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Penghu 1 - The First Archaic Homo from Taiwan
Beside the Sunshine Pathway
February 20 - April 12, 2015


To forget one's ancestors is to be a brook without a source, a tree without a root.

Penghu 1 is a fossil jaw belonging to an extinct hominin species of the genus Homo from Taiwan. The fossilized human jawbone was dredged up off the coast of Penghu Channel before 2008 by a Taiwanese fisherman, sold to a local antique shop, purchased by Mr.Tsai Kun-yu who donated it to the Museum. With instinct, Dr. Chang Chun-hsiang, the Head of the Museum's Geology Department, recognized its importance. He spent four years on recovering and describing it with assistance from local, Japanese and Australian researchers. In January of 2015, Chang's paper 'The first archaic Homo from Taiwan' was published in Nature Communications and his finding was reported as the first known prehistoric human from Taiwan. It can represent a new human species or a regional group of "Upright Man" and help fill a geographical gap in the Asian fossil record and highlight the diversity of ancient humans living in this region during the Pleistocene era, according to Nature Communications.

Penghu 1 - The First Archaic Homo from Taiwan
Penghu 1
The fossil consisting of a nearly complete right lower jaw and four big worn teeth could be 200,000 years old and suggests a fourth type of ancient human who have lived in Asia long before Homo sapiens ever came to be. The three other known archaic Asian hominids include Homo erectus found in Java and China, the shorter Homo floresiensis from Indonesia, and Neanderthals in the Russian Altai mountains.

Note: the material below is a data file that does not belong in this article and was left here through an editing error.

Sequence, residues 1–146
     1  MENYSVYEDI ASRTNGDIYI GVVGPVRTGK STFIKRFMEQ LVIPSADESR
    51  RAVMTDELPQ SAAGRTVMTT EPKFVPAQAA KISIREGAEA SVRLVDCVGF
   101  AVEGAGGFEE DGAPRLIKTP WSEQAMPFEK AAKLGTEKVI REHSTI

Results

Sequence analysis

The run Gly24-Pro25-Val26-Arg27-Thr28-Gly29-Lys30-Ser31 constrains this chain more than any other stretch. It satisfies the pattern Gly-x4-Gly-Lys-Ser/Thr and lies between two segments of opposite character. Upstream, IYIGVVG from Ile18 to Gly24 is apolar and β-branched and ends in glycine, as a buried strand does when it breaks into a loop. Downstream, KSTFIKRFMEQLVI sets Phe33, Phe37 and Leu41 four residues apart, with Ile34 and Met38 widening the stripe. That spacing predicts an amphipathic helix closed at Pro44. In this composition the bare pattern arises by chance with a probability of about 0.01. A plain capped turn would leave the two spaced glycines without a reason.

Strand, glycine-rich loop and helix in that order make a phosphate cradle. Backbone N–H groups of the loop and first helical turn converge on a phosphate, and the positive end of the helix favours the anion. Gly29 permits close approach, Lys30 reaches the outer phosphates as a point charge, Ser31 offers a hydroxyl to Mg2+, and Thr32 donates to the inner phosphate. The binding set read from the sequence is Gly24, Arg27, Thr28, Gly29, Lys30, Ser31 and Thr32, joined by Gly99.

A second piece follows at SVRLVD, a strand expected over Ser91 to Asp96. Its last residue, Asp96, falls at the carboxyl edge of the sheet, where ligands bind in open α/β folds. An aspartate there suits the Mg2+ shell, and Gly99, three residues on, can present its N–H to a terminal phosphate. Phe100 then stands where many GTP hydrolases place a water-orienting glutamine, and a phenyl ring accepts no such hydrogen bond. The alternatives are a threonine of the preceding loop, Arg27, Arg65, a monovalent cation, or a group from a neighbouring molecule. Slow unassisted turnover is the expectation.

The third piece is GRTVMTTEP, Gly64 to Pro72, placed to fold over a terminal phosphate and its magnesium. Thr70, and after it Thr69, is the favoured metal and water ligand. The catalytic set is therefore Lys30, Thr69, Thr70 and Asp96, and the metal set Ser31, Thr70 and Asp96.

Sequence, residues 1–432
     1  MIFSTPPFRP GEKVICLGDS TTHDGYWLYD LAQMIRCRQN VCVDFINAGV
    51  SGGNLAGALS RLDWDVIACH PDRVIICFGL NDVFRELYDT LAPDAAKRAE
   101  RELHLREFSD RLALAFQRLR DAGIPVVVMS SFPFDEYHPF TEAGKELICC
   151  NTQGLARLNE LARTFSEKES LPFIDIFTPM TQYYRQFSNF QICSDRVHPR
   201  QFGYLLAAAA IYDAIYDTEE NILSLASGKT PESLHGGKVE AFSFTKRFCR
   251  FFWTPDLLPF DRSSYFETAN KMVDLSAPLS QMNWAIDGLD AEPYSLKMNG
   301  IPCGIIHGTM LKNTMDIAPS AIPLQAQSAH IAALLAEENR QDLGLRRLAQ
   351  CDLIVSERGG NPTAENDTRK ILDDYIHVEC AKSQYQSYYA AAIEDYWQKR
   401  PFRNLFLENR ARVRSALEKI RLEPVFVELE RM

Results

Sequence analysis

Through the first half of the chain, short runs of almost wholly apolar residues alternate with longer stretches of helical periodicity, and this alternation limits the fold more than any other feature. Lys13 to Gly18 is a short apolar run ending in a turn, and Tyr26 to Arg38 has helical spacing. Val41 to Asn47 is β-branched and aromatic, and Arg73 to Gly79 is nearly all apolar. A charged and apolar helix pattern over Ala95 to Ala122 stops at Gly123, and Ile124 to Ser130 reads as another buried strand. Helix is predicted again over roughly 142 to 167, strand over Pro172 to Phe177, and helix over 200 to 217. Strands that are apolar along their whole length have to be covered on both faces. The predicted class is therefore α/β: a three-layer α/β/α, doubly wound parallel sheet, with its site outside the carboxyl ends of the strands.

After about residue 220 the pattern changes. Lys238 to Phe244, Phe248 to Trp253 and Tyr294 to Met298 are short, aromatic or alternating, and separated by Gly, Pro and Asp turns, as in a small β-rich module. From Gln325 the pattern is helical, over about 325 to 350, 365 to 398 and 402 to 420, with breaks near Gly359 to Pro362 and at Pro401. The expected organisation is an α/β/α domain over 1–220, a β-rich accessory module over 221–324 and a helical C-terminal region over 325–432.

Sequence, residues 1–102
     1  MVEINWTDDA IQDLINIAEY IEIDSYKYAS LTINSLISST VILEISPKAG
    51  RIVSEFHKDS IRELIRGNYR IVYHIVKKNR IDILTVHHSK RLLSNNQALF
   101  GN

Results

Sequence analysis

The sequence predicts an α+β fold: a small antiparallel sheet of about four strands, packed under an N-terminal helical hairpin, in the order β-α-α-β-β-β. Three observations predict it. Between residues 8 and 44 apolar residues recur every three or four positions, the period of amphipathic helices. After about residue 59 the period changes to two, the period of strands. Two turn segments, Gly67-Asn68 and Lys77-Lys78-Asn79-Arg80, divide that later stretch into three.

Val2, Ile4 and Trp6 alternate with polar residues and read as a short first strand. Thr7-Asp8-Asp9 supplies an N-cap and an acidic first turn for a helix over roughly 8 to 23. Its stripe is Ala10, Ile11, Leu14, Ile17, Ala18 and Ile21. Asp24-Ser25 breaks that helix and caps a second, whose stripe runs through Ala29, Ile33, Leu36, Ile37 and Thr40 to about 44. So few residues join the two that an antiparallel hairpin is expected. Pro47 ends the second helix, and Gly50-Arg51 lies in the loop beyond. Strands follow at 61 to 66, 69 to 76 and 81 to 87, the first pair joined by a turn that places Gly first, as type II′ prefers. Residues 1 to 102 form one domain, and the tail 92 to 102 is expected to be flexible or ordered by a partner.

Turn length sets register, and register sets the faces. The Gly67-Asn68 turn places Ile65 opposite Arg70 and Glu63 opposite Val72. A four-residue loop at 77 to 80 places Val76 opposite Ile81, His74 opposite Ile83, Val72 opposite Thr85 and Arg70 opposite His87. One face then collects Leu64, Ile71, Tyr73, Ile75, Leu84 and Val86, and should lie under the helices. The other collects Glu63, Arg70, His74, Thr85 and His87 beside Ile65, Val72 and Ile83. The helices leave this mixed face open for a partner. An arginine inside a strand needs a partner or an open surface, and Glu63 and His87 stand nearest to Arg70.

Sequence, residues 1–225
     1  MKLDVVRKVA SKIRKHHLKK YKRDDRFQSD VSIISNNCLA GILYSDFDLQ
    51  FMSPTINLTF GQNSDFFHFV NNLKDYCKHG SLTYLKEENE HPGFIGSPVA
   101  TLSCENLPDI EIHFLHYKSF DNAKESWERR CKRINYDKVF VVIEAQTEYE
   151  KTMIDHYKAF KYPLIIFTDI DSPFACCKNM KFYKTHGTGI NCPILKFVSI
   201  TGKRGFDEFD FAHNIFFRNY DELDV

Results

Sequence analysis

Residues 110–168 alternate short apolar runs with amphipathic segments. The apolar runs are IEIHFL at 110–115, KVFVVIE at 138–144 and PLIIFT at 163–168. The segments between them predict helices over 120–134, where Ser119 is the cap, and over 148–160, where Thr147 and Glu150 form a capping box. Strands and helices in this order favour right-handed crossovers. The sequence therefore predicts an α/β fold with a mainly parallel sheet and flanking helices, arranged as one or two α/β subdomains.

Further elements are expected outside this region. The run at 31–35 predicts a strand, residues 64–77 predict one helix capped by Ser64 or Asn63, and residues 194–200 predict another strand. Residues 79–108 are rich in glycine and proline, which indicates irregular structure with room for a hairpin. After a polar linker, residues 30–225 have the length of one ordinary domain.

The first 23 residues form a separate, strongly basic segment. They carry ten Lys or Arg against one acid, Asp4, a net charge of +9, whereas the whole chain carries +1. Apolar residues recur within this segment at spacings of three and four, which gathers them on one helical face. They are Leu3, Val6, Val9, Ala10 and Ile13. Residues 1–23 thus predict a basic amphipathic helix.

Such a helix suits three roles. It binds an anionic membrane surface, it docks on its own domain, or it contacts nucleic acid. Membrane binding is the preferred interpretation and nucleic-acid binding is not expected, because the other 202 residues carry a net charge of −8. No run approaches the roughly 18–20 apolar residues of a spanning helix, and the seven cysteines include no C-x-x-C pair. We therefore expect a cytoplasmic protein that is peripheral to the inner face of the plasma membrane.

"Human jaws and teeth became smaller as they evolved. But unlike other fossils of the time, this jawbone is thick with large molars. It is obvious that Penghu 1 belongs to a different group," says Chang, "Penghu 1 is the first archaic fossil from our genus Homo has been discovered in Taiwan," he adds, "It may represent an entirely new species that lived as recently as 450,000 to 190,000 years ago, and strengthens the growing body of evidence that there were multiple evolutionary lineages in eastern Asia before anatomically modern humans arrived in the area."

"The available evidence at least does not exclude the possibility that they survived until the appearance of Homo sapiens in the region, and it is tempting to speculate about their possible contact," says co-author Dr. Yousuke Kaifu, who is an associate professor in the Department of Biological Sciences at The University of Tokyo.

Penghu 1 is a national treasure in Taiwan and has been well preserved at the Museum with high security. Now it is on display along with fossils of Bubalus teilhardi, Palaeoloxodon huaihoensis, Crocuta crocuta ultima, Elaphurus davidianus, and Cervus axis from the Penghu Channel at the Museum's Sunshine Pathway. The exhibition will officially open February 20 and run seven weeks to its close on April 12.


Palaeoloxodon huaihoensis

Elaphurus davidianus, Cervus axis

Bubalus teilhardi

  • Admission is free.

Penghu 1 - The First Archaic Homo from Taiwan is organized and presented by the National Museum of Natural Science.

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